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Secretive VIPs splash cash on customised jets at air show

MY RIDE
By | Jun 23rd 2011 | 3 min read
By | June 23rd 2011
MY RIDE

By Kyle Peterson

The enormous $300 million (Sh27 billion) Boeing Co 747-8 Intercontinental parked at this week’s Paris Air Show is earmarked for an anonymous VIP customer who apparently needs one of the world’s biggest airplanes.

In fact eight of the 33 orders listed for the plane on Boeing’s website are attributed to "Business Jet/VIP customers".

Be it a government, head of state or wealthy family, the company guards the identity of customers if they request it. But that doesn’t stop the rest of the world speculating.

"VIPs are clearly oil money," said Alex Hamilton, aerospace analyst and managing director of EarlyBirdCapital, who attended the air show.

The Intercontinental can seat 467 passengers and lists at $317.5 million. Germany’s Lufthansa has ordered 20 and is set to be the first airline to bring the new jumbo into service, early next year.

The buyer of the first Intercontinental, however, is rumoured to be a Middle East head of state.

In 2007, Boeing’s top rival Airbus, a unit of EADS, named Saudi Prince Alwaleed bin Talal as the first private buyer of an A380 superjumbo, the world’s largest passenger airliner which lists for about $370 million.

"I think people in different cultures, some of them really want to be a little bit more anonymous. It’s a large expense," Elizabeth Lund, vice-president and general manager of the 747-8 programme, told Reuters during a tour of the plane.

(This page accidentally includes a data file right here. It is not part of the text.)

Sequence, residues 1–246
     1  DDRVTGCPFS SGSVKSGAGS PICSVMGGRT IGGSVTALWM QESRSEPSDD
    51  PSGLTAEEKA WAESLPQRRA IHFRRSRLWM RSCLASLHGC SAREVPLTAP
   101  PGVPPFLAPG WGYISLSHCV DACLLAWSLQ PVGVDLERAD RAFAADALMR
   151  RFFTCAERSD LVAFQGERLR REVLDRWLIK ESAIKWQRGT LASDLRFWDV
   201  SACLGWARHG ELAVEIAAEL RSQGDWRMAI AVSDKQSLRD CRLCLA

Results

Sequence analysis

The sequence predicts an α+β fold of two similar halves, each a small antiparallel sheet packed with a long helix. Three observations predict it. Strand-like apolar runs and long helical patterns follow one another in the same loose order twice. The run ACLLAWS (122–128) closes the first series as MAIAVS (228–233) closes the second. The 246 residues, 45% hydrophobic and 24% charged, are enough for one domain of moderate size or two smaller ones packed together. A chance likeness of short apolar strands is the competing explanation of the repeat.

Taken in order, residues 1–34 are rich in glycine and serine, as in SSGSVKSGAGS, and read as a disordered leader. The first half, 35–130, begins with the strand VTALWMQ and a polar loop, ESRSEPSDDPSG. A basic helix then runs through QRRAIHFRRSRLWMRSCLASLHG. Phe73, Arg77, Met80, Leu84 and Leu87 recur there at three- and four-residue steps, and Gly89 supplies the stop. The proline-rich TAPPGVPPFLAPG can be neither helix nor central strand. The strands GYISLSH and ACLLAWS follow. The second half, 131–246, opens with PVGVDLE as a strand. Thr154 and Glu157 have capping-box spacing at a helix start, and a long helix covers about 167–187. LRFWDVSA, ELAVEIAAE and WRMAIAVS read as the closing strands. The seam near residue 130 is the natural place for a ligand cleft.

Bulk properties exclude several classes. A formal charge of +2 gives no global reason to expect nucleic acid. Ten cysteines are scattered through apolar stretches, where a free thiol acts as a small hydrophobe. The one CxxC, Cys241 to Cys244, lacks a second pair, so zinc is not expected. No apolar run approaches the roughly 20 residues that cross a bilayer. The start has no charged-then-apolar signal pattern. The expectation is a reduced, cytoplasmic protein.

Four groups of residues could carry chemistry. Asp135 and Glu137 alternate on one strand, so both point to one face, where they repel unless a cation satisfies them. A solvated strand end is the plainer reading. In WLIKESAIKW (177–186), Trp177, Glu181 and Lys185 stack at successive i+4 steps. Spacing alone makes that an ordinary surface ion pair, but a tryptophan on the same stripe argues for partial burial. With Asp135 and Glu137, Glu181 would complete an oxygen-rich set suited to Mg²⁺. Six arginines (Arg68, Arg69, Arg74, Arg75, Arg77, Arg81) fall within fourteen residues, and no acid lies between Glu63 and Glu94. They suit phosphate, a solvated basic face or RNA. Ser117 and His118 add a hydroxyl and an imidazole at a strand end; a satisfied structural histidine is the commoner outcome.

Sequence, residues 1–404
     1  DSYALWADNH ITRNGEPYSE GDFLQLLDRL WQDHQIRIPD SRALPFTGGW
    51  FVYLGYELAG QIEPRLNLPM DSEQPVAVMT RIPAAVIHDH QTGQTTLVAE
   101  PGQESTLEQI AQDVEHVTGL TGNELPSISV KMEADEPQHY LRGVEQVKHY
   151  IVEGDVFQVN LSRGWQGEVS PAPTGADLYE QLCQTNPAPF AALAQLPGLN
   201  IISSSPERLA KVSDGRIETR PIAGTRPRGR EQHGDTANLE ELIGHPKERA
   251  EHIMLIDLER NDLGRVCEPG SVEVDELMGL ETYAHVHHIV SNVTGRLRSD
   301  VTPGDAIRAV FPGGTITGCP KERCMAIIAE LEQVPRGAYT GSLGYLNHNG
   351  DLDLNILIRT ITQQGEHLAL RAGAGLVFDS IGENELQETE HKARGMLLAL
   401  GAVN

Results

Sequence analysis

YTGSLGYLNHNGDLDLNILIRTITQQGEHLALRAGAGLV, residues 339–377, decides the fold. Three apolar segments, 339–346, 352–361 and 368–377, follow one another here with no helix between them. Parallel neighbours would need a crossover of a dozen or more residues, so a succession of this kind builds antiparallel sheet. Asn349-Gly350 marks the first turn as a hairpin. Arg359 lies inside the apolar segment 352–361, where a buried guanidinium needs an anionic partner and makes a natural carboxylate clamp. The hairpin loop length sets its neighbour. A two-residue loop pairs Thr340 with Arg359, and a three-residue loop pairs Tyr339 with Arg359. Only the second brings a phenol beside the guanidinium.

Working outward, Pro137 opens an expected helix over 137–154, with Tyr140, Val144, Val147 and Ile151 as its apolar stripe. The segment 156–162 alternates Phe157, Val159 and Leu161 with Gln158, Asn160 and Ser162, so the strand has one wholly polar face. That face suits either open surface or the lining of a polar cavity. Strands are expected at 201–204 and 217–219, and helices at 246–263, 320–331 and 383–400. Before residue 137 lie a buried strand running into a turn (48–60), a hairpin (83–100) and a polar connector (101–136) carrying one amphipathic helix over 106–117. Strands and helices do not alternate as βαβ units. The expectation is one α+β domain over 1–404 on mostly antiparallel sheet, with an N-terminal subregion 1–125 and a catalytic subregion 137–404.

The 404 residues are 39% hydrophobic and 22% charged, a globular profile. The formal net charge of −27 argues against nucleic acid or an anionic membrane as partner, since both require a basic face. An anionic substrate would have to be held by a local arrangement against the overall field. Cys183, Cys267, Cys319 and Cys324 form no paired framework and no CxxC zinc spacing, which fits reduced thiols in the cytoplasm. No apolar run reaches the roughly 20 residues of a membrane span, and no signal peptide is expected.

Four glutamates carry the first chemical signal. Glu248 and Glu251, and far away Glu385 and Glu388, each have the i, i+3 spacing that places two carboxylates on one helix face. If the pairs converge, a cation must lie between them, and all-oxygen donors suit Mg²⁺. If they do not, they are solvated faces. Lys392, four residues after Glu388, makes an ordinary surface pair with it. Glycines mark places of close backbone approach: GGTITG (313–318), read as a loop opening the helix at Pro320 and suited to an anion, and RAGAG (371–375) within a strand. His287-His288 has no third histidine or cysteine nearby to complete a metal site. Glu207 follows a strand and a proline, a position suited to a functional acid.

"Not everyone who buys a big yacht announces they have bought a big yacht."

She said that none of the anonymous Intercontinental buyers is from the US, adding that buyers are commonly heads of state. Air Force One, which carries the president of the US, is one of two customised 747s.

Lund said VIP customers for planes as large as the 747 often request extensive modifications, often bedrooms or extra bathrooms, to accommodate the special needs of the primary passengers and their entourages.

Such modifications typically are done outside of Boeing, but the company must sign off on the changes.

Lund said that, occasionally, requests are particularly interesting, such as one customer’s desire for an elevator.

"They would like a design for an elevator that comes out of the cargo bay so that the distinguished dignitaries don’t have to walk up the stairs, but they could walk into a ground-level elevator and be raised into the airplane," she said.

"It’s just sort of a very dignified way for a VIP to be able to access the airplane."

Meanwhile Airbus has benefited from airlines’ worries about sky-high fuel prices, winning customers for scores of its more fuel-efficient planes at the Paris Air Show as it jockeyed with Boeing for the spot as world’s biggest planemaker.

Europe’s Airbus sought to focus attention on its order books after it suffered a clipped wing, faulty gearbox and delays to a new jet ahead of the aviation industry’s showcase event.

The star of this year’s air show so far is a plane that won’t be airborne until at least 2015: the Airbus A320neo. It is a revamped version of the workhorse A320 family of single-aisle short and medium haul aircraft, but with more fuel-efficient engines.

As oil prices have jumped higher this year, the plane has become the company’s fastest selling model.

US airline JetBlue Airways announced Tuesday it has committed to buy 40 A320neos, and upgraded its order of 30 A320 aircraft to the larger A321 model with wingtips modified to get greater fuel efficiency.

Airbus also received a commitment for 50 A320neos from US aircraft leasing company CIT Group. A321neos have a list price of about $106 million, valuing the deal at up to $5.3 billion, but airlines often negotiate substantial discounts.

— Agencies

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